“They went up very quickly,” Zandstra says of the speaker hang. “Using nothing more than nuts and washers and the provided brackets, we mounted the CPLs to the low steel supporting the room's ceiling. As for performance, they easily provided the coverage and clear intelligibility necessary to the project. It was no surprise because we had the same experience with them before on the Gentex campus.”

Once installed in September 2001, the Gentex system was fine-tuned by a Group Signal technician, Doug Ardy. Managed by Steve Driesenga, the project came in according to budget — and beyond expectations when it came to performance and operation. “I haven't heard back from the client since I trained them how to use the system,” Zandstra notes. “That's a good sign, because I know they are using it all the time. Silence on their part, in this case, I can safely take to mean that nothing is wrong, and the system is indeed as easy to operate as we set out to make it. We built it so anyone could walk in and use it, and that's just what's happening.”

In the grand scheme of things, Zandstra feels that the future holds a bright spot for these types of value-engineered, DSP-based systems. “The sudden flourishing of systems like this isn't just related to a slow economy,” he believes. Even when times get better, you'll continue to see them proliferate in many applications, including churches and other mid-size venues. “Their ease of installation, setup, value and performance is all based upon sound engineering principles, not marketing gimmicks directed at people just looking to save a buck. As far as the future is concerned, the need for systems simplicity will continue to grow as well — especially on the contractor side — and manufacturers will step in with products to meet that need. To create what we have here at Gentex a few years ago would have been more difficult and more expensive. We would have had to install both a separate mixer and a DSP processing box. Today, devices like the Shure P4800 have made installation practices like this unnecessary. Where will this trend take us? Time will tell. All we have to do is stick around and find out. If we're really lucky, the act of reading the manual along the way will continue to be optional as well…”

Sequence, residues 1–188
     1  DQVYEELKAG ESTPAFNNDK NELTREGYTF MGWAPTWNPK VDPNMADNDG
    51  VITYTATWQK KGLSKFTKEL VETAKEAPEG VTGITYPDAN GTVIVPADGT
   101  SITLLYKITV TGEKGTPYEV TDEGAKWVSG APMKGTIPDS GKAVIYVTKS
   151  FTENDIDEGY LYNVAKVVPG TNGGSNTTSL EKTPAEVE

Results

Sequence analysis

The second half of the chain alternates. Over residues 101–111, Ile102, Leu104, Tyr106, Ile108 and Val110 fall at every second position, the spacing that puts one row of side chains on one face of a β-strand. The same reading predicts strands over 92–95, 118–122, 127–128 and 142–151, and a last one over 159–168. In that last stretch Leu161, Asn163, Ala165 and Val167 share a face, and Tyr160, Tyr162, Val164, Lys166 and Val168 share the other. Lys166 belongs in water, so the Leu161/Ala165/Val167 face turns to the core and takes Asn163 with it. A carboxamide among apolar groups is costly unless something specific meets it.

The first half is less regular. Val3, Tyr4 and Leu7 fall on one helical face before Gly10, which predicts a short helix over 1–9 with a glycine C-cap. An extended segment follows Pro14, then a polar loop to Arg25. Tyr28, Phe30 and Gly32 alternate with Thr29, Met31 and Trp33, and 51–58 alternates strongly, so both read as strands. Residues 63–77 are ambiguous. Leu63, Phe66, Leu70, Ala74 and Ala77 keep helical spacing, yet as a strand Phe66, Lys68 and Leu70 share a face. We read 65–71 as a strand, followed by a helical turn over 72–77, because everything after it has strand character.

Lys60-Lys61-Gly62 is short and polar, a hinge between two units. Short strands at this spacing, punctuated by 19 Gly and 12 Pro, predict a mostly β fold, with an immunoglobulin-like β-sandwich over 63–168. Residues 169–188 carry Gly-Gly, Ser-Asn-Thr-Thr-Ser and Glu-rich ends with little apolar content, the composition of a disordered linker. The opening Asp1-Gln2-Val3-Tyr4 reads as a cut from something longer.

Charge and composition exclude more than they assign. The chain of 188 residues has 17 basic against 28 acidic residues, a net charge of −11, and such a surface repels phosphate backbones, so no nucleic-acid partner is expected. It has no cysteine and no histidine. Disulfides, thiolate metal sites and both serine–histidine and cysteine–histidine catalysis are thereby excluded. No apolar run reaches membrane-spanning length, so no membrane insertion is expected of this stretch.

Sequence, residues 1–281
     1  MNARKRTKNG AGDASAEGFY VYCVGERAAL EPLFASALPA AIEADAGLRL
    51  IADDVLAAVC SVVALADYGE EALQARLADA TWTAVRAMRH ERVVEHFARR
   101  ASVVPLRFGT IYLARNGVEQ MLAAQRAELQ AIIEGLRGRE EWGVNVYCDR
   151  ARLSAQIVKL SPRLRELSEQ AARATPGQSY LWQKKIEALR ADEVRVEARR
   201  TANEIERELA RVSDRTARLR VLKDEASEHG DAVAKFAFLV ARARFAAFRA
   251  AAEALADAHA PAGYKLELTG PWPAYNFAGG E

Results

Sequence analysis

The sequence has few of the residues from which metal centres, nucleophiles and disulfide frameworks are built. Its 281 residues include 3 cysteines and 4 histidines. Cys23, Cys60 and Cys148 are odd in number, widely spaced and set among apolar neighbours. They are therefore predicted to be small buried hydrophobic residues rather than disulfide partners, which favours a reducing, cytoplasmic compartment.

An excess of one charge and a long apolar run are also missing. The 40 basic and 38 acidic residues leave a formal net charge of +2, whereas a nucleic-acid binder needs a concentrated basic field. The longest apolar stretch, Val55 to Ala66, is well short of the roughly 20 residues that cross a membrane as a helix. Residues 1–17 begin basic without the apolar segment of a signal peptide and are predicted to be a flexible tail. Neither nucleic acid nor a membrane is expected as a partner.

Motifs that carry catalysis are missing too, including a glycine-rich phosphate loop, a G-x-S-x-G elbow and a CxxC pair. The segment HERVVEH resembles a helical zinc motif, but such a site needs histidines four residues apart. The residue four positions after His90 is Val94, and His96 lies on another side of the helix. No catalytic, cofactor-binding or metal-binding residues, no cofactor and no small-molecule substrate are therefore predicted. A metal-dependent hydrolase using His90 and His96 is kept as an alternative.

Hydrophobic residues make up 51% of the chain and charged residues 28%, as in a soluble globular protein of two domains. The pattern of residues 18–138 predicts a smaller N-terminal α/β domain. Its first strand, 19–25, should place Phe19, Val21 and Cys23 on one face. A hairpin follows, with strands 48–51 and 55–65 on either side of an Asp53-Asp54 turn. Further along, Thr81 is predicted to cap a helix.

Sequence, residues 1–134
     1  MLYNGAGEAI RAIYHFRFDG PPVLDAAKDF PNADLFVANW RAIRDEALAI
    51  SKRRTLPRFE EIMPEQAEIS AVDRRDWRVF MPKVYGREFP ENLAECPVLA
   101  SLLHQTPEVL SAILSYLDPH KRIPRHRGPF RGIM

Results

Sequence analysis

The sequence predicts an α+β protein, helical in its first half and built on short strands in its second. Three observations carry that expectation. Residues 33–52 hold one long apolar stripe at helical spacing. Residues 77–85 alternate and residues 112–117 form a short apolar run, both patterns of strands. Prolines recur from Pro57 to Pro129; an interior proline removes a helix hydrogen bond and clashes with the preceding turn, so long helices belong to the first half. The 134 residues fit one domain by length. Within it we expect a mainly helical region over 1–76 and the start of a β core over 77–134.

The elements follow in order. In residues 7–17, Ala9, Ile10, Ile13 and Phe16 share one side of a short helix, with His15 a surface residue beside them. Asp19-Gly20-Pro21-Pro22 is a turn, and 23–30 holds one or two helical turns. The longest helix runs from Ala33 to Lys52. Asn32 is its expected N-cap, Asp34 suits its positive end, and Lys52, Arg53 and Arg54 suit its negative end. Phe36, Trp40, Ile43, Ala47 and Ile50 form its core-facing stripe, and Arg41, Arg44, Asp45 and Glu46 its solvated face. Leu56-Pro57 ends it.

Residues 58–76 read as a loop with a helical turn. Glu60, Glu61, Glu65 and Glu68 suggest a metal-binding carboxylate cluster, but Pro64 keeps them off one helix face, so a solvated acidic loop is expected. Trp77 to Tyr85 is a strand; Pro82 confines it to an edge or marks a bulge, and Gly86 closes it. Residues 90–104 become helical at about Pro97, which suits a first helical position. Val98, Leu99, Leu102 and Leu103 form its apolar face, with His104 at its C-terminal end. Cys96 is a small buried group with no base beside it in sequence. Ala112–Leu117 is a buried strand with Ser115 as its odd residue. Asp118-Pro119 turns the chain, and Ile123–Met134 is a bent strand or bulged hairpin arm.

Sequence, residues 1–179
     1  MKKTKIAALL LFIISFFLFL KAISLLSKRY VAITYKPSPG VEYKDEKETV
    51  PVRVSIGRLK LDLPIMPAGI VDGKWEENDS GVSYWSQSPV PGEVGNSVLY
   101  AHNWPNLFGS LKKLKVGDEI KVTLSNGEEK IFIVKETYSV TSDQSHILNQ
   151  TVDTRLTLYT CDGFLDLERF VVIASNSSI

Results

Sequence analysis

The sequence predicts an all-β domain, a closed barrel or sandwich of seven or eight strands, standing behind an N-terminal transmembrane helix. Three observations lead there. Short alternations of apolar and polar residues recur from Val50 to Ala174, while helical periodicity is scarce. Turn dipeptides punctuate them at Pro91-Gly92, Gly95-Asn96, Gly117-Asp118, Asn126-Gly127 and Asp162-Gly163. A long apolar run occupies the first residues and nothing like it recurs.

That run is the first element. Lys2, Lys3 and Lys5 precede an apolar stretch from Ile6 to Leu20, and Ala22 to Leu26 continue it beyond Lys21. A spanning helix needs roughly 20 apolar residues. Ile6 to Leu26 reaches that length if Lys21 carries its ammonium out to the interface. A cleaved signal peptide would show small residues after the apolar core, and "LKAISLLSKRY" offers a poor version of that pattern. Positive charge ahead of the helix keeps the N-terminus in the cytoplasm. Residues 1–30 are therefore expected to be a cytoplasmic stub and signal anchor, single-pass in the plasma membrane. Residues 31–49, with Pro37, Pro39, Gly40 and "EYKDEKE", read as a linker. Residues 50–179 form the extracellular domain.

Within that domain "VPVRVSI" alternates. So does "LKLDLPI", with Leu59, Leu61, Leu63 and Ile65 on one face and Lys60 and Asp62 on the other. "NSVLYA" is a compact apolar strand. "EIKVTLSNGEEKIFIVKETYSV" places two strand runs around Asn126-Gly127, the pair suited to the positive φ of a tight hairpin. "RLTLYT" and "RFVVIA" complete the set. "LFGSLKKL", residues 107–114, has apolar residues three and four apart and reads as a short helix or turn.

Gregory A. DeTogne is a writer, communications consultant and owner of an editorial public relations firm in Libertyville, Illinois, that specializes in pro audio accounts.

PLAIN ON THE OUTSIDE, FANCY ON THE INSIDE

Versatile and Simple Signal Processing

At the heart of the versatile Shure P4800 processor is an intuitive, drag-and-drop architecture offering control over just about any processing function imaginable found between the mixer and amplifiers within installed systems. Among these powerful features is a 4×8 matrix mixing section that enables users to quickly assign any of the unit's four inputs to any of the eight outputs, with provisions for adjusting levels and signal polarity along the way. With the simple click of a mouse, processing blocks can be added to the signal path; these include Shure's DFR feedback reducer, a number of EQ options, automatic gain control, limiting, compression, gating and delay. Capable of being applied in any order to any input or output, each processing block can also be copied and pasted to duplicate processing across multiple channels. To better meet the demands of eleventh-hour hardware changes and other unexpected revisions, blocks can additionally be added or deleted as required, while adjustments can be made on the fly, with all changes being heard in real time.

Visual indicators provided with the P4800 include an LED signal-metering display found on the unit's front panel that allows signals passing through the device to be monitored without the use of a PC. On screen, full input and output metering is supplied when the software is in use. DSP resource meters at the bottom of the main window keep tabs on available processing power.

As a final complement, the P4800 is fully compatible with both AMX and Crestron control systems, is equipped with RS-232 and RS-422 ports, and supports simple controls such as the potentiometers and switches used in Zandstra's bone-simple, custom wall control panel in the Gentex installation.

THE SOUND AT GENTEX

The 10 Community cabinets were all CPL23-W models, which Zandstra selected from stock painted white (indicated by theWsuffix in the model number) to blend-in almost imperceptibly within the room. Two-way, full-range boxes, the CPL23s have a compact stature at 11.8 inches high. They house single 8-inch low frequency drivers topped off by coaxially mounted 1-inch dome-style high-frequency transducers. Engineered with direct-radiating, low Q, 90°×90° horizontal and vertical dispersion patterns, the enclosures are made from sturdy ¾-inch MDF board and come with perforated, acoustically transparent steel grilles. Operable between 70 Hz and 20 kHz, the low-profile loudspeakers, despite their diminutive size, are additionally capable of posting 114 dB SPL peak output levels. Mounting provisions (including a steel bracket, six built-in rigging points and threaded inserts for Omnimount-style brackets, and a stand adapter) come with the contractor-friendly packages, and these came in handy at Gentex.

FOR MORE INFORMATION

Community
www.loudspeakers.net
Circle 190 on Reader Service Card

Miles Technology Inc.
www.milestech.com
Circle 191 on Reader Service Card

Shure
www.shure.com
Circle 192 on Reader Service Card